Many pronounced Blake Griffin as the Los Angeles Clippers‘ 6-foot-10 athletically gifted question mark this past offseason. Griffin was charged as an undersized ball stopping post player with no signature moves that didn’t involve levitation, a rim and a victim wearing the opposing jersey. Today he has evolved into much more while in just five short months he’s elevated the Clipper franchise and established himself as the most feared frontcourt player the NBA has seen since the internet.
From the start of the Clippers’ 2013-14 regular season, Griffin sported a mask of determination to silence critics and carry his team through a prosperous postseason. Yet in the season’s infant stages, it seemed as though the broad shoulders of the Clippers’ small point guard, Chris Paul, would be doing all of the heavy lifting.
Griffin, ill-content to go along for the ride, kept grinding, putting up solid numbers that floated between respectable and impressive. Yet Paul was credited for the Clippers’ hot start and rightfully so. It takes seasons for a player like Griffin who relies so much on athleticism to gain the confidence to step outside the paint and knock down shots. But Griffin is not just another player as it took the absence of Paul to remind prognosticators of just that.
The shoulder injury that sidelined Paul for five weeks ignited the explosion of Griffin who lead his Clippers to a 16-6 record, including a February coming out party in which the Western Conference All-Star posted 33-point, 11-rebound and 5-assist average per contest. No longer a mere opportunist at the end of a fast break, this video game version of Griffin has groomed into a play-maker, showing ball skills and court awareness that leaves defenders on their heels and coaches frantically scribbling on their clipboards.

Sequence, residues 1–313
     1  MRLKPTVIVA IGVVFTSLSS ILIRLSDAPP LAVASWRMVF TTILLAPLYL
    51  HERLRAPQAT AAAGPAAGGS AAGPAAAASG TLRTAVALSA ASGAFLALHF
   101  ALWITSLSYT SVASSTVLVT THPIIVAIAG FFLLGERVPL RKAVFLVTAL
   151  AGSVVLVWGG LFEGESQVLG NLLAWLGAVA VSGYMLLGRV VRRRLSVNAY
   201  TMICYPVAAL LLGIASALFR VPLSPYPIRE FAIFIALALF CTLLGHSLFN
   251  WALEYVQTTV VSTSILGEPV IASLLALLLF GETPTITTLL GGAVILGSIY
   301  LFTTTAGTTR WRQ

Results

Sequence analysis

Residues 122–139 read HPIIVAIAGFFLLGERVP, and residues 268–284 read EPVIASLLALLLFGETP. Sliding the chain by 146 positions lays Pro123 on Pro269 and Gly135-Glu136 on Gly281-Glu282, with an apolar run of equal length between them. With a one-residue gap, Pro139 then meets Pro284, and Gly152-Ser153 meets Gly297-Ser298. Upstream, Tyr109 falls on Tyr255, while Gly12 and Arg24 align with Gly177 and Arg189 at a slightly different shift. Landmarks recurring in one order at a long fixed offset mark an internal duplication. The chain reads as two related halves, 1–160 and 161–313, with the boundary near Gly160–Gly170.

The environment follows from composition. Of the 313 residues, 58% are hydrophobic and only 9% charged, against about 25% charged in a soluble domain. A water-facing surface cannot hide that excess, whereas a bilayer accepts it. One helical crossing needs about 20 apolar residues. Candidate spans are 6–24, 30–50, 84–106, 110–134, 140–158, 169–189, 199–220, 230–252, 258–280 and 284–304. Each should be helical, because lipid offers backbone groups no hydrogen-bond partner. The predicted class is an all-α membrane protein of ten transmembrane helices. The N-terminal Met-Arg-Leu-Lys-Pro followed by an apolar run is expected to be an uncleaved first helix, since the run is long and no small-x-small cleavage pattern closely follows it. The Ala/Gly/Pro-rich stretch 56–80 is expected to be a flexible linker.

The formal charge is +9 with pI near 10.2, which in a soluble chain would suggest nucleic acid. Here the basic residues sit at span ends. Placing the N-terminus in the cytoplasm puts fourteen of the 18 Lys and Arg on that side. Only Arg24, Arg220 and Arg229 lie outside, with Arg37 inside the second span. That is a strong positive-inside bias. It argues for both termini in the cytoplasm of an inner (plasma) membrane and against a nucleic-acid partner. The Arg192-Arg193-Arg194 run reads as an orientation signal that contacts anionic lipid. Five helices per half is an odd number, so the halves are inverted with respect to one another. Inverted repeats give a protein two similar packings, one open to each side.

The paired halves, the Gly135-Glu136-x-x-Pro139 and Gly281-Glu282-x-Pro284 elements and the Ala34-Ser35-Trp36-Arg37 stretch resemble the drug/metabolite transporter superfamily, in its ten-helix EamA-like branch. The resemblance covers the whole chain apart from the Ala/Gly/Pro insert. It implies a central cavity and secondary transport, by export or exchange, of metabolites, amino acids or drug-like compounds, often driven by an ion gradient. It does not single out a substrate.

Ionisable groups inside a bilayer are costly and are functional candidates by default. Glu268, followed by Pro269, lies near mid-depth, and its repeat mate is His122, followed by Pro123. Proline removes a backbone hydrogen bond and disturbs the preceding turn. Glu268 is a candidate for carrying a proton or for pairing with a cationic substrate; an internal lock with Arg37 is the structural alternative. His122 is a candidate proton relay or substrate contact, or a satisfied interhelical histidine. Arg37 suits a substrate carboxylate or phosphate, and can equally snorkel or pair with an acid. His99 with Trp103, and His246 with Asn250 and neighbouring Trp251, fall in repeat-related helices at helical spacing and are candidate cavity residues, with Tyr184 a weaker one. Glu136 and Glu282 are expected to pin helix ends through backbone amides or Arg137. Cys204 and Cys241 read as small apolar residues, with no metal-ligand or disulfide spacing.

The evolution of Griffin has shifted the basketball landscape to earthquake like proportions. The Clippers have to be taken seriously as legitimate title contenders while the league’s MVP race has a new challenger-wearing blue trunks with red trim and the No. 32 on his back.
ChristopherBrown is an NBA writer for RantSports.com. Follow Him on Twitter @whatrockschris. Like Him on Facebook.